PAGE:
Predictors of Attrition and Weight Loss in an Adolescent Weight Control Program

Authors

  • Elissa Jelalian,

    Corresponding author
    1. Department of Psychiatry and Human Behavior, Bradley/Hasbro Children's Research Center, The Warren Alpert Medical School of Brown University, Providence, Rhode Island, USA
    2. Department of Psychiatry and Human Behavior, Centers for Behavioral and Preventive Medicine and Weight Control and Diabetes Research Center, The Miriam Hospital, The Warren Alpert Medical School of Brown University, Providence, Rhode Island, USA
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  • Chantelle N. Hart,

    1. Department of Psychiatry and Human Behavior, Centers for Behavioral and Preventive Medicine and Weight Control and Diabetes Research Center, The Miriam Hospital, The Warren Alpert Medical School of Brown University, Providence, Rhode Island, USA
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  • Robyn S. Mehlenbeck,

    1. Department of Psychiatry and Human Behavior, Bradley/Hasbro Children's Research Center, The Warren Alpert Medical School of Brown University, Providence, Rhode Island, USA
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  • Elizabeth E. Lloyd-Richardson,

    1. Department of Psychiatry and Human Behavior, Centers for Behavioral and Preventive Medicine and Weight Control and Diabetes Research Center, The Miriam Hospital, The Warren Alpert Medical School of Brown University, Providence, Rhode Island, USA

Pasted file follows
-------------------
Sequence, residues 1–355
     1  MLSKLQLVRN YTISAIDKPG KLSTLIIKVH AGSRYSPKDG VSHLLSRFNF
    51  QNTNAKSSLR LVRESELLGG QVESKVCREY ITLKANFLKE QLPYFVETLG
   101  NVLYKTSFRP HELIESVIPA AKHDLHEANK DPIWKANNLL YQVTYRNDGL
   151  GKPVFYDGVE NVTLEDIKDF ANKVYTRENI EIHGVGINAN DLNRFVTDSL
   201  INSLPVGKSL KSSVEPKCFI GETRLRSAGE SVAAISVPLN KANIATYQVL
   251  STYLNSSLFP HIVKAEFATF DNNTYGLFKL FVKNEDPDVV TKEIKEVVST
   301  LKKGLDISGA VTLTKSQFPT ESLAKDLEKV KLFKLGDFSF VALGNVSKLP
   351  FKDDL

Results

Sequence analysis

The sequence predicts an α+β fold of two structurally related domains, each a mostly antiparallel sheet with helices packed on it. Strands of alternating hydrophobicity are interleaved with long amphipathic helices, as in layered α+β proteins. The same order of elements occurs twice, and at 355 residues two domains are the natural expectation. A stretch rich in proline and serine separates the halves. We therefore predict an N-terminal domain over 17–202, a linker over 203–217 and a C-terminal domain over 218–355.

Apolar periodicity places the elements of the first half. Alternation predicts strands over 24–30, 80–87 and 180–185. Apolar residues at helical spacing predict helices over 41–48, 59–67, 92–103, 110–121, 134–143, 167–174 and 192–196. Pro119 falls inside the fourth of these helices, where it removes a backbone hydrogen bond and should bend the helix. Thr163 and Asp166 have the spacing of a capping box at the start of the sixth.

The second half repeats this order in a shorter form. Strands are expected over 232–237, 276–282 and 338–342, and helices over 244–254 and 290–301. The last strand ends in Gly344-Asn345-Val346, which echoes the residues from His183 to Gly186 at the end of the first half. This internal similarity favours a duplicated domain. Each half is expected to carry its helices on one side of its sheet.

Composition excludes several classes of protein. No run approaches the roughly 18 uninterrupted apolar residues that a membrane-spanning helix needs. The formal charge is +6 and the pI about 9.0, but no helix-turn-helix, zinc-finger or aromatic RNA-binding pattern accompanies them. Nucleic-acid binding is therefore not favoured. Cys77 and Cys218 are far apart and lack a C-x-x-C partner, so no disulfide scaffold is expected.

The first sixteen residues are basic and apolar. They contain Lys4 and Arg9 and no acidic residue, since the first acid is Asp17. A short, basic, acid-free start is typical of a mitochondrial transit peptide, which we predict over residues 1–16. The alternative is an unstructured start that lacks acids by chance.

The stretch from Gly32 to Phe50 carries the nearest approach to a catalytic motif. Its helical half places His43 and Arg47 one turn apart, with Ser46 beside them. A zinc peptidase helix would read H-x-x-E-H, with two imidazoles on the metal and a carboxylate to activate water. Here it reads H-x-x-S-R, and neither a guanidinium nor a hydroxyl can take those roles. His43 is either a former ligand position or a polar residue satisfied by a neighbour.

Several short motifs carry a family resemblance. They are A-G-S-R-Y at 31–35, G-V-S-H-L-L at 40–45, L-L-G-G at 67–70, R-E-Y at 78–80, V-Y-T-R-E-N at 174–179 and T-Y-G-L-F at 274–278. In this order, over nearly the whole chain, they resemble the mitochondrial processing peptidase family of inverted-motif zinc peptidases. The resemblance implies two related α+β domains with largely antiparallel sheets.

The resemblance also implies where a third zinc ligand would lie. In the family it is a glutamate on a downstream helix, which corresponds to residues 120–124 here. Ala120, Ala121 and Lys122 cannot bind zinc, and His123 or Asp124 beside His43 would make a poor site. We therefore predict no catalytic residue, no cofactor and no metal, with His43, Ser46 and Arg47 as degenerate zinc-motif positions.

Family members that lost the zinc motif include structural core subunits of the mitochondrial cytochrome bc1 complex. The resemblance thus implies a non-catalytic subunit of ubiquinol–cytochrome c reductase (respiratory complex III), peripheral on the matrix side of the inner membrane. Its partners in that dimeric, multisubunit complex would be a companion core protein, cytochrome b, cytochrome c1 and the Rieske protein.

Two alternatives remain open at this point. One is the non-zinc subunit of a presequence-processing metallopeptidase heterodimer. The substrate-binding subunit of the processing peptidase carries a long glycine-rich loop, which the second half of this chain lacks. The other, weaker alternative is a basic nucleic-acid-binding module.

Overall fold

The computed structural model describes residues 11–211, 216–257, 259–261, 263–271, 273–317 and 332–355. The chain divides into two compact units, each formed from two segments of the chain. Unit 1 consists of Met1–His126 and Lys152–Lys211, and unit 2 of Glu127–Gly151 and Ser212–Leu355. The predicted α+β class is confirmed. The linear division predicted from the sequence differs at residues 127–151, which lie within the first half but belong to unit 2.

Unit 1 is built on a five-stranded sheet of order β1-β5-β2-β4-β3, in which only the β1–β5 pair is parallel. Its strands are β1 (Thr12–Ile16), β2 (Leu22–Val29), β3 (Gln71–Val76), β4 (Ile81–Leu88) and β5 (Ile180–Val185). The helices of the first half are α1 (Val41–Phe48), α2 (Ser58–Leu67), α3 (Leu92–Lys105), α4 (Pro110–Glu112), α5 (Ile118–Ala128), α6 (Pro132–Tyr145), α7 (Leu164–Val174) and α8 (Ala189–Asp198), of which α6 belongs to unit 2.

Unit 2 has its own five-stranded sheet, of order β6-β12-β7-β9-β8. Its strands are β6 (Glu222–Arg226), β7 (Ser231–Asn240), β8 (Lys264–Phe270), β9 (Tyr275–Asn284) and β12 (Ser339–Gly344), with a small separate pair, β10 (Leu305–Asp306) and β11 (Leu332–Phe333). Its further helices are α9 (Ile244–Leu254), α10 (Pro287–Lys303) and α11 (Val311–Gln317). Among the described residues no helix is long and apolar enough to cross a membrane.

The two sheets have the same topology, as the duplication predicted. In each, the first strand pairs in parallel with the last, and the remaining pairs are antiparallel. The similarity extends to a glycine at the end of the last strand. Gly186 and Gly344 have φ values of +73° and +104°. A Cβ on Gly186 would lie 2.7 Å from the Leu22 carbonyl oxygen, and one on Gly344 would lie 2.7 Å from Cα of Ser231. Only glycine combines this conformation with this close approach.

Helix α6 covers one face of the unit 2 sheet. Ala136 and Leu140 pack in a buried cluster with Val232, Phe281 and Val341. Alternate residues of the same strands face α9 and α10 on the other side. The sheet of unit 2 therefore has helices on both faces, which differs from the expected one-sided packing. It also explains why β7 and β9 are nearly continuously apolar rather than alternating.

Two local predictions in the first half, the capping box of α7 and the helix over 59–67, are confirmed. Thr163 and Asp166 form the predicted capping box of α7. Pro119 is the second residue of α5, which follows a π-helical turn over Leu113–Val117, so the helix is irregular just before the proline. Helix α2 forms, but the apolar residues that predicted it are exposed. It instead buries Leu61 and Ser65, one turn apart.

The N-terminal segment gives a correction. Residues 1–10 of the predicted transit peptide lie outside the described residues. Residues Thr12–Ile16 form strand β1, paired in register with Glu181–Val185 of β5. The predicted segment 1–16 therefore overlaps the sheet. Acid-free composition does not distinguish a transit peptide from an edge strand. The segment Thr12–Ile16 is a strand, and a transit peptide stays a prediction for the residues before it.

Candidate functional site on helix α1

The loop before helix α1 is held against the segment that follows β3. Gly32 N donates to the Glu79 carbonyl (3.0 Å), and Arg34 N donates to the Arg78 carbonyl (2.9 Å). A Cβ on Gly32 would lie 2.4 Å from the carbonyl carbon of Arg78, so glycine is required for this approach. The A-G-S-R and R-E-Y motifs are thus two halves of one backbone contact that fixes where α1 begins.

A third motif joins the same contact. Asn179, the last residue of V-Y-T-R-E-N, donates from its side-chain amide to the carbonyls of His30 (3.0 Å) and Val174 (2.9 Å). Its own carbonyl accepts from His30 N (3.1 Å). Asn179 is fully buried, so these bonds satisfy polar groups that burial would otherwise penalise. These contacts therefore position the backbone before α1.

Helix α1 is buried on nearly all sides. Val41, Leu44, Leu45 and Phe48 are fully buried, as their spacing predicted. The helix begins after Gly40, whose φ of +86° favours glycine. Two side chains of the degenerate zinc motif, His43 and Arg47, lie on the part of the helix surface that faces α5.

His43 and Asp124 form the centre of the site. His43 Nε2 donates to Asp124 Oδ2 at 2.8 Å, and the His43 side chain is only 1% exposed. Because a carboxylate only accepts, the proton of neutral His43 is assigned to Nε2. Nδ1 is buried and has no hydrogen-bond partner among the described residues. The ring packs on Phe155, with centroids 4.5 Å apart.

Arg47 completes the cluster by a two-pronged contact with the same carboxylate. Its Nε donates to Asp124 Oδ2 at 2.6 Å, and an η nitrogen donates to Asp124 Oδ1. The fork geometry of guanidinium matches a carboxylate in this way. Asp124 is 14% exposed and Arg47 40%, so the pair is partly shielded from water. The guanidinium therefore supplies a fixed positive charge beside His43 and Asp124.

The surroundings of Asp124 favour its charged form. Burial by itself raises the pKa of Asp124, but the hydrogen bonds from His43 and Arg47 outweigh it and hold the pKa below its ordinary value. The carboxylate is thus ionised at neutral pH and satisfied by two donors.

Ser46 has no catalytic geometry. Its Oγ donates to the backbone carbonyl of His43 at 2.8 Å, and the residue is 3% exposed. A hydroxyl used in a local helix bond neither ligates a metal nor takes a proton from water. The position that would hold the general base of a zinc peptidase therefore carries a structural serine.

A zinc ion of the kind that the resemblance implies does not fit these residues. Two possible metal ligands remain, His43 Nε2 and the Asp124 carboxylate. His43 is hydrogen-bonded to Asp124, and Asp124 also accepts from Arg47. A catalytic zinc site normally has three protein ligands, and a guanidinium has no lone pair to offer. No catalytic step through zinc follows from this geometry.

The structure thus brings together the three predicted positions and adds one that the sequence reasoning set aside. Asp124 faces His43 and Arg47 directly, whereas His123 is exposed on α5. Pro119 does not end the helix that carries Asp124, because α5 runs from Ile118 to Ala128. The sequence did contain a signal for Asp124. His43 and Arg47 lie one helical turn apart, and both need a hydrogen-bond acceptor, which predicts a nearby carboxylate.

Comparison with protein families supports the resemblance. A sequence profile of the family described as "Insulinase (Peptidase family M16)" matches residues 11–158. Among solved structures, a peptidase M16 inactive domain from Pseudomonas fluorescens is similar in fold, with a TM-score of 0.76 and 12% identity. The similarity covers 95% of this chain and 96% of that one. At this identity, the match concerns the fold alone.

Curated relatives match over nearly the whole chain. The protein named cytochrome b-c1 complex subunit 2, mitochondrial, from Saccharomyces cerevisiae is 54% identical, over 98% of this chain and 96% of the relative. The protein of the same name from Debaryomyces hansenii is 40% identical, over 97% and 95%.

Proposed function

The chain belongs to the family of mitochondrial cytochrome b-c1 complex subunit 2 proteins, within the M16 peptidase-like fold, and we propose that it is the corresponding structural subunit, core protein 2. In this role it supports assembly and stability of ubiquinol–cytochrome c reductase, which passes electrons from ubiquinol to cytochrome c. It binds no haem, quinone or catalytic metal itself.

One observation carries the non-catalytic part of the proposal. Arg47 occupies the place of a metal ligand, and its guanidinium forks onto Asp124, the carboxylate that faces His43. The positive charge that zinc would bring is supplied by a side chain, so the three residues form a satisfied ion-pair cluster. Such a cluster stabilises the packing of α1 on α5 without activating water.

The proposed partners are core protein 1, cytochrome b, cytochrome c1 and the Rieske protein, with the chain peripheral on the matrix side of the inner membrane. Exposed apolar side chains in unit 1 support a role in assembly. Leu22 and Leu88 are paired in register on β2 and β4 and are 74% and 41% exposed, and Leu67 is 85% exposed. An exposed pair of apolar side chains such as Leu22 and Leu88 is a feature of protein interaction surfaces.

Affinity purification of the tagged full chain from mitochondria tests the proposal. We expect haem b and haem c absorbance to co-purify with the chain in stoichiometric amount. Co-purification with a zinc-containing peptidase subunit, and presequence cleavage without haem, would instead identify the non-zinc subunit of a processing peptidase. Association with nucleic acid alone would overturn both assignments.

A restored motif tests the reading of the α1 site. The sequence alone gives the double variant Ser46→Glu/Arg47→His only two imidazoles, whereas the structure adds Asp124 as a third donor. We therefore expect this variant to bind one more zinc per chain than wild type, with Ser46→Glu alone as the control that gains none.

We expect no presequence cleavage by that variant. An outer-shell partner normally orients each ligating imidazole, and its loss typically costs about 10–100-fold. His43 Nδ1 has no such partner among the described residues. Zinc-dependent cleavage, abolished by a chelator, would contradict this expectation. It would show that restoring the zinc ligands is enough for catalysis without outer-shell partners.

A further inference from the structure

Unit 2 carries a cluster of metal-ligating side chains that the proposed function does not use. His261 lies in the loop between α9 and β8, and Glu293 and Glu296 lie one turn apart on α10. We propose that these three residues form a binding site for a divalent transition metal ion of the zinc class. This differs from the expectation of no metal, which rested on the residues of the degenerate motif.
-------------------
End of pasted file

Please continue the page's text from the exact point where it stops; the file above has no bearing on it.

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  • Jamie D. Kaplan,

    1. Behavioral and Preventive Medicine, Department of Psychiatry, The Miriam Hospital, Providence, Rhode Island, USA
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  • Katherine T. Flynn-O'Brien,

    1. Behavioral and Preventive Medicine, Department of Psychiatry, The Miriam Hospital, Providence, Rhode Island, USA
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  • Rena R. Wing

    1. Department of Psychiatry and Human Behavior, Centers for Behavioral and Preventive Medicine and Weight Control and Diabetes Research Center, The Miriam Hospital, The Warren Alpert Medical School of Brown University, Providence, Rhode Island, USA
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(Elissa_Jelalian@brown.edu)

Abstract

Objective: To evaluate demographic and psychosocial predictors of attrition and weight loss in a behaviorally based adolescent weight control trial.

Methods and Procedures: Adolescents (N = 76) aged 13–16 years and 20–80% overweight (M = 60.56%, s.d. = 15.17%) received standard group-based behavioral treatment as part of a randomized trial comparing different activity interventions for overweight adolescents. Anthropometric and psychosocial measures were obtained at baseline and after the 16-week intervention.

Results: Higher parent (P < 0.01) and adolescent BMI (P < 0.05) at baseline, as well as ethnic minority status (P < 0.05) were significantly associated with attrition in univariate analyses. Parent BMI remained the only significant predictor of attrition in multivariate analyses. BMI change for completers (N = 62) was highly variable, ranging from −6.09 to +1.62 BMI units. Male gender (P < 0.01) was a significant predictor of reduction in BMI, whereas not being from an ethnic minority group (P < 0.05) and attendance at group sessions (P = 0.05) were associated with ≥5% absolute weight loss in multivariate analyses. Absolute weight loss during the first 4 weeks of the program was strongly associated with weight loss (pr = 0.44, P < 0.001) during the remainder of the intervention. Psychosocial variables were unrelated to attrition or treatment outcome.

Discussion: These findings highlight the potential importance of attending to parental BMI in efforts to retain adolescent participants in treatment, as well as the need to develop weight control interventions that are more effective for ethnic minority youth.

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